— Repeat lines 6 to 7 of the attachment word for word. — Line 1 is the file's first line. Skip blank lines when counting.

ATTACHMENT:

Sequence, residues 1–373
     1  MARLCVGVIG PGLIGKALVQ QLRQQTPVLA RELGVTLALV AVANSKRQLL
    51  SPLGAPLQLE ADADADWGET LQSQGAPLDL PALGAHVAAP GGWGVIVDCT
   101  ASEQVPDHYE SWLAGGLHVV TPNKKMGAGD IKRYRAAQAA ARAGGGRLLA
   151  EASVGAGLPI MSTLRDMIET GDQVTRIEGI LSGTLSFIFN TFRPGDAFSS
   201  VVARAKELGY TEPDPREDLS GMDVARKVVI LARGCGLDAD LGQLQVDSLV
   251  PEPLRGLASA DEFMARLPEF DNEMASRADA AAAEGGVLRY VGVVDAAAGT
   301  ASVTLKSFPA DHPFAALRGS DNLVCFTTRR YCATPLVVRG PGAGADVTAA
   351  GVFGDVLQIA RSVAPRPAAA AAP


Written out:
   201  VVARAKELGY TEPDPREDLS GMDVARKVVI LARGCGLDAD LGQLQVDSLV
   251  PEPLRGLASA DEFMARLPEF DNEMASRADA AAAEGGVLRY VGVVDAAAGT